James Wirth: For Sierra Leone’s micronutrient survey we were working really closely with the Ministry of Health and Sanitation, WHO, UNICEF, and HKI. The field work was conducted in November-December 2013, and the Ebola outbreak started in early 2014. We were going to ship samples out for analysis, but due to a temporary ban on shipping biological specimen, there was a delay in getting the results. In Sierra Leone, it was the first time that a really comprehensive micronutrient survey had ever taken place. It was difficult, particularly since a cold chain had to be maintained despite poor roads. All the agencies and field workers did an incredible job. This shows that that a high-quality micronutrient survey can be pulled off anywhere. There is an incredibly talented and dedicated group of nutrition professionals in Sierra Leone; if you have people that are committed, a lot is possible.
What were the findings of the survey?
Fabian Rohner: With respect to salt iodization and iodine status, we found that there was a high coverage of adequately iodized salt (~80%). We collected GPS points throughout the survey and produced some maps that show where the coverage of iodized salt was lowest. As you would expect, urinary iodine concentrations are lowest where the coverage of adequately iodized salt is also low. However, throughout the rest of the country, you have high levels of urinary iodine. Some people may assume that Sierra Leone would have high iodine deficiency, but since they have good salt iodization standards and most of the imported salt comes from countries with good iodization programs, this is not the case. The salt samples were measured in country by the Bureau of Standards using iCheck Iodine.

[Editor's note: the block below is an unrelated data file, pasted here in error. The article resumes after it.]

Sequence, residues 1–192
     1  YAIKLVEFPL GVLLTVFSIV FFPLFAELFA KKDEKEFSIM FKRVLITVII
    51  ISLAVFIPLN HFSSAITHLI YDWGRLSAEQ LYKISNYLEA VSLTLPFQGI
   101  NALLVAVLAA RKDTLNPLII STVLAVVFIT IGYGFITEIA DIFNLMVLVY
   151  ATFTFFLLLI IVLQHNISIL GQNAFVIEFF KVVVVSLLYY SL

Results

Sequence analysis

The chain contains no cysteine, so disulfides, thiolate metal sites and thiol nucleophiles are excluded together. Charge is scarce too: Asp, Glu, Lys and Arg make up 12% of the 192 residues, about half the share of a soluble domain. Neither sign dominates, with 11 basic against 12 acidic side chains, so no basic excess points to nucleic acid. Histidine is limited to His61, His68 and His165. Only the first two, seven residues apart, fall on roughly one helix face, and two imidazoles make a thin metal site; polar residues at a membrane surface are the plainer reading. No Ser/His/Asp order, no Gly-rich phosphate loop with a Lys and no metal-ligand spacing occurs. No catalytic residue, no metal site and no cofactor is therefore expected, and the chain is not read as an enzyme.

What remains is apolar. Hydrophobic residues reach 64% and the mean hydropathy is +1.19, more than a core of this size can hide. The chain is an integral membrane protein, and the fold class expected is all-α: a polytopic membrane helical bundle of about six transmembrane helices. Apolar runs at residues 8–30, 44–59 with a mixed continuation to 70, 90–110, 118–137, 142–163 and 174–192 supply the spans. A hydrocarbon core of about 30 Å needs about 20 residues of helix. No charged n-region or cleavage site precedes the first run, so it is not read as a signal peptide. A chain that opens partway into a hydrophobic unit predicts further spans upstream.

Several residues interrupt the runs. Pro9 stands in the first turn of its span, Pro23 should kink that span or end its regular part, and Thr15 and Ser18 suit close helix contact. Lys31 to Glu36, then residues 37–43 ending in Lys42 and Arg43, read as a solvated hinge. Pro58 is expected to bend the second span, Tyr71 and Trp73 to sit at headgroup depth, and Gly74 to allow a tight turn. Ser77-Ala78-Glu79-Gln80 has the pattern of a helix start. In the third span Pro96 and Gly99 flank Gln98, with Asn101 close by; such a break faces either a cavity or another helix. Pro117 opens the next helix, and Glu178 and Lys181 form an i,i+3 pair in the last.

Looking towards the future – Where is GroundWork headed next?
James Wirth: We definitely love what we are doing and hope to support other national micronutrient and nutrition surveys. We are seeing that there is a big need to provide A to Z support on surveys as well as program evaluations. We recently started working on a project in Ghana that will use a market-based approach to promote micronutrient-rich foods to adolescent girls and pregnant women. We will be measuring the baseline, midline, and endline coverage of the project. In addition, we are trying to expand beyond nutrition. We are conducting a small study right now in Tanzania looking at the linkages between stunting and environmental enteropathy. There are some theories that suggest that child growth faltering may be linked to chronic inflammation of the gut resulting from poor water and hygiene conditions. We are also looking at the nutrition response to the Ebola outbreak.
Micronutrient nutrition is only one piece of the nutrition picture. We are trying to take a broader perspective on it and ideally expand the work that GroundWork can do outside of just nutrition specific – more towards nutrition sensitive work.